If the BSP wins the most votes in the election but falls short of an absolute majority, it will face a similar situation. Its only potential political ally (with a credible chance of passing the electoral threshold) are the Patriots, but their seats combined will not be enough to form a parliamentary majority. The Socialists exude confidence that they are going to win, but it remains highly unclear what the consequences of such a victory are going to be. From the outset, it is almost mathematically impossible for BSP to form a government without the help of DPS or GERB. And as said above, both of these options have been vehemently rejected by the leaders of the two biggest parties - Mr. Borissov and Mrs. Ninova.
The core difference
The main difference between the programs of GERB and BSP lies in their attitude towards the mentioned energy projects backed by Russia: Belene and South Stream. These are very expensive projects whose total cost could run up to 10-15 billion euro. For a relatively small economy, as the Bulgarian one, these are highly risky projects, since the initial investment is very substantial, while the expected benefits will potentially come only after a decade (in the best case scenario). Yet, the BSP is strongly endorsing these projects by pledging state financial support (unspecified in nature) for their implementation. GERB is much more ambivalent about them, saying they could potentially be carried out only in case no state participation will be required.
The other differences between the programs of the two main parties are rather insubstantial: both of them claim that they will largely preserve the current tax system (with small variations), the currency board, and membership in and commitments to the EU and NATO. The BSP has adopted a strong Russophile and "patriotic" rhetoric, but has been careful not to antagonize the EU. The Socialists propose to reassess pensions, which will cost the budget up to a billion BGN per year: still, this could be theoretically achieved without increasing taxes or public debt.
When the tactical and programmatic positioning of the major parties is taken into account, it turns out that the most likely scenario in the next parliament is either a complex and exotic coalition, or some form of "minority" or "expert" government enjoying the tacit support of the three main parties - GERB, BSP and DPS. The likelihood of coherent center-left or center-right coalitions is very low.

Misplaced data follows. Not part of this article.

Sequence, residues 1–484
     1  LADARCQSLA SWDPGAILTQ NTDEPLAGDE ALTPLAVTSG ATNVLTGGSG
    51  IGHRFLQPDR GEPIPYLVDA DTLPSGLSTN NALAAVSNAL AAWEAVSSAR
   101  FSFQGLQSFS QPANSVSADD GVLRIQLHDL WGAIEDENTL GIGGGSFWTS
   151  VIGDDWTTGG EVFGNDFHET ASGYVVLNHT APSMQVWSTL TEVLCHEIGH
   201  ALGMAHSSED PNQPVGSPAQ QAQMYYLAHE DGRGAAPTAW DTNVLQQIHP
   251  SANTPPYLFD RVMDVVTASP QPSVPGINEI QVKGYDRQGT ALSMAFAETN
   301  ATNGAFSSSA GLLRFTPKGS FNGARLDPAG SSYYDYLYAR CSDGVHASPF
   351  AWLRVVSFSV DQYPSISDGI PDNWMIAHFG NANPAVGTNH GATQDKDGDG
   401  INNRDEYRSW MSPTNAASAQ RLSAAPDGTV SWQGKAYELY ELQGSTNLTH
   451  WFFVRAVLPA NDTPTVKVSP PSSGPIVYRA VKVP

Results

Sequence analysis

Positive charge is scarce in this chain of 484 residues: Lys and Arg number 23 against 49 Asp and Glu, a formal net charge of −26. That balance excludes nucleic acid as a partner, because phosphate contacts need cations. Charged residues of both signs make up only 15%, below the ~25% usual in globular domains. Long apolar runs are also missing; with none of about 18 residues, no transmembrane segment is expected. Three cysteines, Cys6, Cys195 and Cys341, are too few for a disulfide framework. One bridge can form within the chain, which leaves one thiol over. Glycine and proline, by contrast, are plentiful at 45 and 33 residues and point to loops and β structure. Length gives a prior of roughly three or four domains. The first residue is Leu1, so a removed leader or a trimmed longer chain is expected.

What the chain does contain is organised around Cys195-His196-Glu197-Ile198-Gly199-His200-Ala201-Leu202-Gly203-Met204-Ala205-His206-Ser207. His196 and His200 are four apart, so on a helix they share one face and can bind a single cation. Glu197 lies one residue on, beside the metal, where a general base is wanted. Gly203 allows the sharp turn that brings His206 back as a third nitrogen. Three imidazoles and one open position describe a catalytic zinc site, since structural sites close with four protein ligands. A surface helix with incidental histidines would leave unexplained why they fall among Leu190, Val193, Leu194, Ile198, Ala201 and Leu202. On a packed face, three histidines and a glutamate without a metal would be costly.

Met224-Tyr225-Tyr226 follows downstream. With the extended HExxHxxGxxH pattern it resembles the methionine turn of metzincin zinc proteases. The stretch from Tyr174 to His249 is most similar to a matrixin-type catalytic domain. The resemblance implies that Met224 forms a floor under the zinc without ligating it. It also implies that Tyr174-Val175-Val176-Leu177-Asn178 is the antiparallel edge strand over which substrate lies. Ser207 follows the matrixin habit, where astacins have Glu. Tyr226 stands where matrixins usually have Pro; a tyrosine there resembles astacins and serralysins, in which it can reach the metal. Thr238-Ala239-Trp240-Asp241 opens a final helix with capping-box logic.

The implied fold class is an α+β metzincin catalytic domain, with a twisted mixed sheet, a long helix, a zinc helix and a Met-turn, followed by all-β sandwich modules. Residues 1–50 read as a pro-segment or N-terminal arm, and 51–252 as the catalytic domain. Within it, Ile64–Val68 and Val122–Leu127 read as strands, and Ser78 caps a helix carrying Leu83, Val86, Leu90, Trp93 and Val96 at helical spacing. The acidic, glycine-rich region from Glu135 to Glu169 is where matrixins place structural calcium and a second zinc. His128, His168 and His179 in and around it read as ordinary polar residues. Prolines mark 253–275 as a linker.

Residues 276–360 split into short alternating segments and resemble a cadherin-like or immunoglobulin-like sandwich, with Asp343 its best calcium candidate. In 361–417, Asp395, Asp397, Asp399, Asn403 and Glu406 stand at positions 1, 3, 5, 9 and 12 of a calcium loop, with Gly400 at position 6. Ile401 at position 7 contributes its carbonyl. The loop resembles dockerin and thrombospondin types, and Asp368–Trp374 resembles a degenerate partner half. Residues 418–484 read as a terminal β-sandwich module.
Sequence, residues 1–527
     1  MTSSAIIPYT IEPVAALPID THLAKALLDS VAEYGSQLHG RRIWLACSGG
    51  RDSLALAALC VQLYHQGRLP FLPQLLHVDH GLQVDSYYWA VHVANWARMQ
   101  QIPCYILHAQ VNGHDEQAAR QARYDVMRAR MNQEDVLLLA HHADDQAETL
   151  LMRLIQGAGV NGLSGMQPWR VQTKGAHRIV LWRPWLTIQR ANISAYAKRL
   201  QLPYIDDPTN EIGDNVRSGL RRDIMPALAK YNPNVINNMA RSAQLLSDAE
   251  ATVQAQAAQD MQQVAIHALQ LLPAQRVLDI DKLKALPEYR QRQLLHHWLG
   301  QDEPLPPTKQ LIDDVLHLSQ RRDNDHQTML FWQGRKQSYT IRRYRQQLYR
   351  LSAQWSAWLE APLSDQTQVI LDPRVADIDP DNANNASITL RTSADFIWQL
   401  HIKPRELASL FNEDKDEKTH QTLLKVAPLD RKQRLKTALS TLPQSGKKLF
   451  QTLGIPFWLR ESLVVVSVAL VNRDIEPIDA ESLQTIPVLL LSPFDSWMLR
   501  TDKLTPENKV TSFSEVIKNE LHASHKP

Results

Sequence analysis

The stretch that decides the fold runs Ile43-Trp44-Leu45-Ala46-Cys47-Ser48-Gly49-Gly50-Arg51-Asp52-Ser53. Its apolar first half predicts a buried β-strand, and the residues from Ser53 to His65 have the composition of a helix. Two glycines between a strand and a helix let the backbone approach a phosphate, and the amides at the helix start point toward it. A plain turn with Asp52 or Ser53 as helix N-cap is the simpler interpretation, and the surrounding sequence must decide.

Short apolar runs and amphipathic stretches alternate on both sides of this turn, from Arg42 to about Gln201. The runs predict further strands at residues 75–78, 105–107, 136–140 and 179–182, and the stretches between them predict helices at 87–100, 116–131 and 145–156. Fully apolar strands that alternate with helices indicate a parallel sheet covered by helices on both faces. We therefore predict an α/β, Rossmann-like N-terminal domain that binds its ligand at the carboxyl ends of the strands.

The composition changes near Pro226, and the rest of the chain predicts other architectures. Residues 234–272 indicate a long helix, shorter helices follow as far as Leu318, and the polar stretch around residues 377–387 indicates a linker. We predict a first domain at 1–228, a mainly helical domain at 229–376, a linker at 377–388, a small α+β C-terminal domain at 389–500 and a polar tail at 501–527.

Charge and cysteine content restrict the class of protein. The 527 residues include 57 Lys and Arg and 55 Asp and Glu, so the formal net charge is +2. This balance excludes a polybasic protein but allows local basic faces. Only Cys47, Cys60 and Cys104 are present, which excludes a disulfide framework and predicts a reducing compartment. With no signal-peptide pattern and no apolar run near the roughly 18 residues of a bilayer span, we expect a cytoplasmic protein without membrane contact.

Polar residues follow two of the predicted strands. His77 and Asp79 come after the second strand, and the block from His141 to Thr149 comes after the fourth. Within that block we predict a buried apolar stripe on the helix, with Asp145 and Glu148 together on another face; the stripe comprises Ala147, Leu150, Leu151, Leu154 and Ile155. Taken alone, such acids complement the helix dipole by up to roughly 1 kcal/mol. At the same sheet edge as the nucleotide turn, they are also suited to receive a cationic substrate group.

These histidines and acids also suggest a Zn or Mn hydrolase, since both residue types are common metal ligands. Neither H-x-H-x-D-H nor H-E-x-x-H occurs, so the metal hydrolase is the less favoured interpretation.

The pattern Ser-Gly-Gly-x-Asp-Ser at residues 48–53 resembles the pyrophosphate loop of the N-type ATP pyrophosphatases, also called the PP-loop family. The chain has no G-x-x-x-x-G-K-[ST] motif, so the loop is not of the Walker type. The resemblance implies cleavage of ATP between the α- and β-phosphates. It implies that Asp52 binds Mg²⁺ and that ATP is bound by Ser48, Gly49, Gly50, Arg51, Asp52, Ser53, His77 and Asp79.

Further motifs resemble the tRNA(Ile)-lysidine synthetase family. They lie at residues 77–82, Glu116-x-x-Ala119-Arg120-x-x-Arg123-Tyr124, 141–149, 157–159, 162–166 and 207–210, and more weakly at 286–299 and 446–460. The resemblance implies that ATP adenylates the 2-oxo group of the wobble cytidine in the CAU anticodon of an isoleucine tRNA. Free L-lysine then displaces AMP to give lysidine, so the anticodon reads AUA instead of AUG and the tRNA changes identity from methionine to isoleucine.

Radical reformists stay in the corner
The elections will be a testing ground for new political formations as well. Most importantly, these are the Yes, Bulgaria! party of former Minister of Justice Hristo Ivanov and the New Republic party of his former teammate in the Reformist Bloc Radan Kunev. These political parties have built their identity upon the fight against corruption and the need for a more principled and effective judicial reform dealing with the central problem of the Bulgarian justice system - the lack of accountability of the Prosecutor General. According to recent polls, both formations will find it difficult to pass the 4% threshold, which is partly due to their decision to run separately. Yet, without them there will be serious doubts whether the next parliament will be capable of doing anything meaningful in the fight against corruption.
The election campaign takes place at a time when the EU starts a serious discussion of the prospect of a multi-speed Europe. This topic is largely absent from the domestic agenda of the Bulgarian political parties, which points to another risk: that the political elite is not prepared to tackle and prevent a potential further marginalization of Bulgaria in the EU. Unfortunately, this might be the most lasting negative effect of the upcoming early elections.
Daniel Smilov is a Bulgarian comparative constitutional lawyer and political scientist. He is Program Director at the Centre for Liberal Strategies, Sofia, Recurrent Visiting Professor of Comparative Constitutional Law at the Central European University, Budapest, and Assistant Professor of Political Theory at the Political Science Department, University of Sofia.